Blackstone sees demand for separate accounts

The firm has collected a total of $2.6bn for its Tactical Opportunities separately managed accounts business from US public pensions, sovereign wealth funds and retail investors.

The Blackstone Group raised an additional $1 billion in the first quarter for its separately managed accounts business, bringing the total committed to the strategy to $2.6 billion, the firm reported Thursday in its first quarter earnings call.

Blackstone formed the business, known as Tactical Opportunities, in 2011 in connection with the formation of a partnership with the New Jersey state pension system, which committed $750 million to the business. (At the time, New Jersey also committed $750 million to a special credit fund run by Blackstone’s credit shop, GSO Capital). The firm last year added $500 million to Tactical Opportunities from the California Public Employees’ Retirement System.

Tactical Opportunities is a portfolio of separately managed accounts Blackstone forms with individual limited partners. The firm has the flexibility to use the capital on a quick and opportunistic basis around various strategies like credit and real assets investing. Many of the investments in the portfolio have a current yield aspect.

The additional $1 billion came from other US public pension systems, sovereign wealth funds and retail investors, according to Tony James, Blackstone’s president, during the earnings call.

Blackstone continues to see strong demand from limited partners for separate accounts, and expects to raise more capital going forward, James said.

Tony James

“There is no business [right now] that is as interesting and exciting as Tactical Opportunities,” James said. “The returns are exceeding our expectations.” The firm has closed on “10 to 12 transactions”, James said. Tactical Opportunities is able to “take advantage of all the anomalies in the world”, he said. Examples of transactions include an investment in a shopping center in Brazil, non-performing mortgages, mortgage servicing rights and small equity investments, James said.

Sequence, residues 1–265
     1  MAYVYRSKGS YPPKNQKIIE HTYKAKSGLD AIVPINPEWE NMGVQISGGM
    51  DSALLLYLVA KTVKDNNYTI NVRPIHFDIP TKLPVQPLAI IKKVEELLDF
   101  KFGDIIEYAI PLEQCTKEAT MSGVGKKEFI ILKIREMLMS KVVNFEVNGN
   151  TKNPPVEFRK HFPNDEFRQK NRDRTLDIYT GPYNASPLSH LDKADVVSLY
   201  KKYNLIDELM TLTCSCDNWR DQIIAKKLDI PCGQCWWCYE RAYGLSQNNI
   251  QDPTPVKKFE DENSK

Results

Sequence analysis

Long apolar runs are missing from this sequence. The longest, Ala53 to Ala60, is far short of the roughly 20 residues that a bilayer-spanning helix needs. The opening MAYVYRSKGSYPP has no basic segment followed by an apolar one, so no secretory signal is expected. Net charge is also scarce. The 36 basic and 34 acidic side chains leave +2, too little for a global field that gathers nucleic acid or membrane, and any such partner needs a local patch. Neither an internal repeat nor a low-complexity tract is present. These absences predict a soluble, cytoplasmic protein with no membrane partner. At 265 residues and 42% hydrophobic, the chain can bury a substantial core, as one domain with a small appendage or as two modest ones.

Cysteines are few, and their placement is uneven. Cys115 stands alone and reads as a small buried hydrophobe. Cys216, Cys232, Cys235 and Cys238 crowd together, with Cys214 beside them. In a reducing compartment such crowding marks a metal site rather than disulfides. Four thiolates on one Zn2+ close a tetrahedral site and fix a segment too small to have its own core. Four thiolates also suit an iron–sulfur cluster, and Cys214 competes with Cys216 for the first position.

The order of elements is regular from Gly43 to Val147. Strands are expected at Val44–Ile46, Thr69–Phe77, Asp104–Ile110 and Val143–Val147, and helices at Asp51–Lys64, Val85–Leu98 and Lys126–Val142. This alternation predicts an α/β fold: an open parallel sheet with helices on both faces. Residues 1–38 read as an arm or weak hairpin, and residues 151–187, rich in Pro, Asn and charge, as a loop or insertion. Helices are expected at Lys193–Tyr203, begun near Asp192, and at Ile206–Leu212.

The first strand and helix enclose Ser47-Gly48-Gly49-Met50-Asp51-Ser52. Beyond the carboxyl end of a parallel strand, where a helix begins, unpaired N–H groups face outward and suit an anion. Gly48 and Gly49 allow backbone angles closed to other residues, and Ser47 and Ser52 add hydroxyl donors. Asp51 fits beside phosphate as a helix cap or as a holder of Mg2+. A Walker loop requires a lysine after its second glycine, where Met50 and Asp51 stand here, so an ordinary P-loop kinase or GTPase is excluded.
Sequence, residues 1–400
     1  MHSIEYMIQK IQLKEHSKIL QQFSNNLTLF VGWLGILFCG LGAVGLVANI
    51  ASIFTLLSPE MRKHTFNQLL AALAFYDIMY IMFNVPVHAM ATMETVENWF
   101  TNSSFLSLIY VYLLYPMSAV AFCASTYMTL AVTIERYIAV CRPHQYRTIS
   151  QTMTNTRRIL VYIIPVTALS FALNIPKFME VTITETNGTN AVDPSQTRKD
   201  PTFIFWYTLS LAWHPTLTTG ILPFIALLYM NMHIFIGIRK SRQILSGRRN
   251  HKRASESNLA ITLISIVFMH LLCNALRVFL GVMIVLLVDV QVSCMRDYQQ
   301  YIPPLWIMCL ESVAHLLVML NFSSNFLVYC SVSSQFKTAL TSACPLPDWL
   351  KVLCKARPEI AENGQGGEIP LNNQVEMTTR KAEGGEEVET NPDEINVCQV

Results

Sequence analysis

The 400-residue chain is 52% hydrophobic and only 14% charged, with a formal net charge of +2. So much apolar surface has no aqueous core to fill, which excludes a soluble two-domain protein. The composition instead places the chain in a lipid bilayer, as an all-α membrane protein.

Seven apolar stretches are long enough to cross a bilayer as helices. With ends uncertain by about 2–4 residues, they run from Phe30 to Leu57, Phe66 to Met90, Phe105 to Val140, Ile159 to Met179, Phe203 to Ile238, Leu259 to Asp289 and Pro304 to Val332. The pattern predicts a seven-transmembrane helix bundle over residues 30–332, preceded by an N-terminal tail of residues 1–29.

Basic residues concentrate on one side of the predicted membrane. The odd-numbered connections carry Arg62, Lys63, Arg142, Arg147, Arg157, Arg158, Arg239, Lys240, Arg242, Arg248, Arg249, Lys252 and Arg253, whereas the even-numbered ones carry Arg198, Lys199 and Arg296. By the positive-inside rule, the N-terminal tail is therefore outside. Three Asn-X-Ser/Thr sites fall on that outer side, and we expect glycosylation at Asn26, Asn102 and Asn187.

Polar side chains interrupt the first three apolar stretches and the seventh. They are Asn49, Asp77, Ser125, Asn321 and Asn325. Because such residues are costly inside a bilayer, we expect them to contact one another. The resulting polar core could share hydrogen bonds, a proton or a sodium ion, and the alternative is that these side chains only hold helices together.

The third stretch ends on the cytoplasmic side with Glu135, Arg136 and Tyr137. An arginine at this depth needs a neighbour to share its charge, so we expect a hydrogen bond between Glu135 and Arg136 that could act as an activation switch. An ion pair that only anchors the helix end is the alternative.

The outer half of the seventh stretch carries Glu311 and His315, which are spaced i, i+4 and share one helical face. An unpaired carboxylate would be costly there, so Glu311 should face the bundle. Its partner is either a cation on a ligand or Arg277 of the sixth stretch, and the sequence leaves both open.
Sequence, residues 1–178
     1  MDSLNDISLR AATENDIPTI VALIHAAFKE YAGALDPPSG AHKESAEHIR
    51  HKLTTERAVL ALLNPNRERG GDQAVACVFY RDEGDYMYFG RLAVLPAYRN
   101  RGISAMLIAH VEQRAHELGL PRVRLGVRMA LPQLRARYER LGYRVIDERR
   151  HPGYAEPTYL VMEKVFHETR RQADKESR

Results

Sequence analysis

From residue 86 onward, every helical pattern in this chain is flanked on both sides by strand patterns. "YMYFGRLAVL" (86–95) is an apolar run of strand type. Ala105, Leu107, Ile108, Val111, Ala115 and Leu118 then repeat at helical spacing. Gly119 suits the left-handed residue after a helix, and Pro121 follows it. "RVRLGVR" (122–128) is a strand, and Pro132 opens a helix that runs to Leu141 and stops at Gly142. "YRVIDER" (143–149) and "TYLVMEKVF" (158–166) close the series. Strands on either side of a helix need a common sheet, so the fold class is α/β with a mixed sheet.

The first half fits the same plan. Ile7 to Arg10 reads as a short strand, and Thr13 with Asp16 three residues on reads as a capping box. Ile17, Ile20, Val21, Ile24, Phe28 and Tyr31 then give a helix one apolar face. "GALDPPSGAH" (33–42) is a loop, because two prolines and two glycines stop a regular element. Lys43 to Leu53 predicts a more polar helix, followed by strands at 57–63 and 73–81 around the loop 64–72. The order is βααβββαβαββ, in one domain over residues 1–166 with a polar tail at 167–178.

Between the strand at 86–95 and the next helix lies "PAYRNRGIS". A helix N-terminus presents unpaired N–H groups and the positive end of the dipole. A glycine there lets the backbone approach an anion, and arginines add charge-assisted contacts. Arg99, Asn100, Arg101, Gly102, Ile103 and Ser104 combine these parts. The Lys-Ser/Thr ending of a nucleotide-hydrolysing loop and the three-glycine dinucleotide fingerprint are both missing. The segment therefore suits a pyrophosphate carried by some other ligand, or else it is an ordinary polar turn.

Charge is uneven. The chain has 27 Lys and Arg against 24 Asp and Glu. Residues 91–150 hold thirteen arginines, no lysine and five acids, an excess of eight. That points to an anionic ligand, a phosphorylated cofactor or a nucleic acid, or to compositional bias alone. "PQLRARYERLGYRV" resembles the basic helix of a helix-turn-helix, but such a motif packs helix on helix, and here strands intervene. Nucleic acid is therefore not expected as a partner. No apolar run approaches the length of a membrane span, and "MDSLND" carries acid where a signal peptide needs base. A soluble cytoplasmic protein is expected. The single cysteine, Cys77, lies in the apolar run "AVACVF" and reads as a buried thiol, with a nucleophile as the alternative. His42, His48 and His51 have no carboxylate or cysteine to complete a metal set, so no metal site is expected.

“It's got a lot of different, interesting components,” James said. “It's global, it's across asset classes, it's focused on illiquid assets and trying to take advantage of things [other people can't do].”

Tactical Opportunities will raise as much capital as the firm can invest well, James said. “It’s not capped … we’ll give it a certain amount of time,” he said. The investment vehicle has a three-year investment period, Steve Schwarzman, Blackstone's chief executive officer, said during the earnings call.

LPs that are part of the Tactical Opportunities business benefit not only from performance, but also from the

There's an enormous amount of activity between us and senior people in those [LP] institutions, and what they're doing, they're going to school off of us and learning how we see what is going on in these asset classes.

Steve Schwarzman

education they get working closely with Blackstone professionals, Schwarzman said.

“There's an enormous amount of activity between us and senior people in those [LP] institutions, and what they're doing, they're going to school off of us and learning how we see what is going on in these asset classes,” Schwarzman said. “This is an opportunity for them, if they follow what we're doing … to impact their portfolios beyond what Tactical Opportunities does for them.”

Blackstone reported strong earnings in the first quarter, with the overall carrying value of private equity portfolio assets appreciating 7.9 percent during the quarter and 18.2 percent over the last 12 months. The appreciation was driven primarily by Blackstone V, the firm said.

Blackstone had $2 billion of realisation activity during the quarter, and $4.6 billion in the last 12 months, the firm said in the earnings statement. Investment activity was muted somewhat, with the firm investing $325 million in the first quarter, though $4.4 billion over the last 12 months.

Blackstone also announced it had raised $3.3 billion for its GSO Capital Solutions Fund II, which James said will “shortly” be at its hard-cap of $5 billion.